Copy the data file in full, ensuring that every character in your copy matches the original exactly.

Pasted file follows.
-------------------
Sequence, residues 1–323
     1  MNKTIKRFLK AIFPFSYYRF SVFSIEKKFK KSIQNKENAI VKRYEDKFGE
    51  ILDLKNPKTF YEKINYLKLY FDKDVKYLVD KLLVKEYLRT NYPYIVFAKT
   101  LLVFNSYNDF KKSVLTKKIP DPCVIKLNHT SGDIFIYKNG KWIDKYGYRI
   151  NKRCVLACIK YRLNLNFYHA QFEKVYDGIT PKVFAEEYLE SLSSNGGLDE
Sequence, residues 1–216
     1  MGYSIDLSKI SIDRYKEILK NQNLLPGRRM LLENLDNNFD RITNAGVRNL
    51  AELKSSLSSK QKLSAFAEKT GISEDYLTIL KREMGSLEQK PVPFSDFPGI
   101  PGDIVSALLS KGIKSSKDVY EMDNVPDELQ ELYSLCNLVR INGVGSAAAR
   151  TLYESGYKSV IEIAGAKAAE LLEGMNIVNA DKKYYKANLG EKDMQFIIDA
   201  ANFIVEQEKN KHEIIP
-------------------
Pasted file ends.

Sequence, residues 1–323
     1  MNKTIKRFLK AIFPFSYYRF SVFSIEKKFK KSIQNKENAI VKRYEDKFGE
    51  ILDLKNPKTF YEKINYLKLY FDKDVKYLVD KLLVKEYLRT NYPYIVFAKT
   101  LLVFNSYNDF KKSVLTKKIP DPCVIKLNHT SGDIFIYKNG KWIDKYGYRI
   151  NKRCVLACIK YRLNLNFYHA QFEKVYDGIT PKVFAEEYLE SLSSNGGLDE
Sequence, residues 1–216
     1  MGYSIDLSKI SIDRYKEILK NQNLLPGRRM LLENLDNNFD RITNAGVRNL
    51  AELKSSLSSK QKLSAFAEKT GISEDYLTIL KREMGSLEQK PVPFSDFPGI
   101  PGDIVSALLS KGIKSSKDVY EMDNVPDELQ ELYSLCNLVR INGVGSAAAR
   151  TLYESGYKSV IEIAGAKAAE LLEGMNIVNA DKKYYKANLG EKDMQFIIDA
   201  ANFIVEQEKN KHEIIP